Only about 56% of Americans claim that they want a completely monogamous relationship. Younger generations are even less likely to prefer monogamy over non-monogamy.
The question is, how natural is monogamy? Why do some of us prefer to develop a relationship with a single partner while others prefer to keep their relationships more fluid and open?
One way to get to the root of this question is to take a look at the history of monogamy.
Read on to learn more about monogamy history and why it’s (sort of) taken hold in today’s society.
Early History of Monogamy
It’s hard to say exactly when humans began gravitating towards single, long-term and even lifelong partners. Most scientists seem to agree that it started early in the process of human development, sometime in the prehistoric era.
Why did this happen? The consensus is that humans discovered that existing as a unit provided for more stability and a higher rate of survival. In other words, working together within a partnership and later in a family meant that attaining and hanging onto a diverse pool of resources could be accomplished with relative ease.
That being said, marital monogamy, social monogamy, and familial monogamy did not necessarily mean sexual monogamy. In other words, two people might form a unit in marriage, community, and child-rearing while continuing to pursue sex with others.
When did sexual monogamy take precedence over sexual polygamy? It seems that Christianity did not always tout monogamy as the proper or “traditional” form of marriage, and many men in the Holy Books are said to have had several wives throughout their lifetime. However, the rise of the Greco-Roman empire began to punish polygamy for the simple reason that there weren’t enough wives to go around if every soldier had more than one.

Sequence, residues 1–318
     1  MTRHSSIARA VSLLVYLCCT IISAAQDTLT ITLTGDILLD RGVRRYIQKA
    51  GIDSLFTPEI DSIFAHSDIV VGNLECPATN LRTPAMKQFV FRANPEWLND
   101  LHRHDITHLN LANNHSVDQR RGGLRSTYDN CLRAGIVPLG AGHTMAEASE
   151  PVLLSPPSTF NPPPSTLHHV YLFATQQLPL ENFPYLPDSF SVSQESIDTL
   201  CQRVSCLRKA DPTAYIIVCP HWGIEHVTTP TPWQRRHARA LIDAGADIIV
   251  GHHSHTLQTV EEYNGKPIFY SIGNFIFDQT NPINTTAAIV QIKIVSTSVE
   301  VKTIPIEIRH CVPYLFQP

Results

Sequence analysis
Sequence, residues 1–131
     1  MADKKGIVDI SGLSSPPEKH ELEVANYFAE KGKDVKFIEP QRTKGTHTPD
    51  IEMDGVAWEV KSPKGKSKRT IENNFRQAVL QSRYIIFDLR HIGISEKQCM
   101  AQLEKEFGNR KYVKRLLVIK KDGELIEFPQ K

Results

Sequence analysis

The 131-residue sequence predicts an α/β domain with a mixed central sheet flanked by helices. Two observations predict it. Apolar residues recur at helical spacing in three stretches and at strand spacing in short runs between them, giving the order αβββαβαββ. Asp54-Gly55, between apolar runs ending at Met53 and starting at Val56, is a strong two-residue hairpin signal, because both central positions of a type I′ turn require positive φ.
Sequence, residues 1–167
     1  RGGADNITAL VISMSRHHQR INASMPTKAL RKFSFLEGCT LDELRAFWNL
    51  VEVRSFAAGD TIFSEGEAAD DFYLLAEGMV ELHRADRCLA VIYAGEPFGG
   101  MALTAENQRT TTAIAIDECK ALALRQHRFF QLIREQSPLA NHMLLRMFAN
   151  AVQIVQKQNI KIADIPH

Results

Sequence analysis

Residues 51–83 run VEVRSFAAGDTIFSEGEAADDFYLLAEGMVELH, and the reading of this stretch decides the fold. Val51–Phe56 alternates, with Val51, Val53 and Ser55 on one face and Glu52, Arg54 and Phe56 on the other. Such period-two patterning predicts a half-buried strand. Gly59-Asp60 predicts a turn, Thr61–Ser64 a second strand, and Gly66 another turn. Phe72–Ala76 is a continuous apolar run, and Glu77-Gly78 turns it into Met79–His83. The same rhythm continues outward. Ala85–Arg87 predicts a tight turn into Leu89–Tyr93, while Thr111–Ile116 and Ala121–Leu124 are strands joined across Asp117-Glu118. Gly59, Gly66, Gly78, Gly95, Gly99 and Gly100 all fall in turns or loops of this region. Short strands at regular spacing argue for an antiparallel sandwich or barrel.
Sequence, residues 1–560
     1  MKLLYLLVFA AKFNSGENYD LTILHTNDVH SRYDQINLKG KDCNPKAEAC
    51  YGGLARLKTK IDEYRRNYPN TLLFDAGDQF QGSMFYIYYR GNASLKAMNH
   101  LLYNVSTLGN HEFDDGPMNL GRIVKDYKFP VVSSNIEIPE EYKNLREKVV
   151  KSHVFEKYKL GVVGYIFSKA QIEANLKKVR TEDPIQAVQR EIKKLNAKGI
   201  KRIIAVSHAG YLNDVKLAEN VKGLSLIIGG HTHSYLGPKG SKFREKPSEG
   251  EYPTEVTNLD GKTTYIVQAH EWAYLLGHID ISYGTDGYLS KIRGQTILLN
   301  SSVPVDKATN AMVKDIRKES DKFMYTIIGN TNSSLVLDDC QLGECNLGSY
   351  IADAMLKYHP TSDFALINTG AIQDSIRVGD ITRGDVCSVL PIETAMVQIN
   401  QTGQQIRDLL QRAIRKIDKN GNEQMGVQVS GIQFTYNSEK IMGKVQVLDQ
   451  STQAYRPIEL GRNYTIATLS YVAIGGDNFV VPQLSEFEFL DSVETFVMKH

After a few centuries of legally required marital monogamy, sexual monogamy became the norm. The very religion that once heralded polygamy became the leading force of what was deemed faithfulness to one’s spouse. Sex became a more taboo, private subject that was decidedly appropriate only between a husband and wife.
These are the views that hold for many Americans today, although younger generations are starting to question the necessity of marital and sexual monogamy. That being said, many prefer monogamy for reasons both religious and secular.
Psychology of Monogamy
What is so appealing about monogamy? The keyword here is trust.
In a one-on-one relationship, two people can build trust with one another that generates a great deal of comfort. For many, this monogamous environment is the safest place to share dreams, sexual interests, and even sexual struggles.
(Curious about the latter? Find out more information.)
Overall, monogamy isn’t the only option out there. However, some people may find it easier to communicate with a single partner and trust a single partner rather than multiple.
Which Do You Prefer?
As more people stray from monogamy, we’re curious. Are you writing your own chapter in the history of monogamy or venturing into other pastures?
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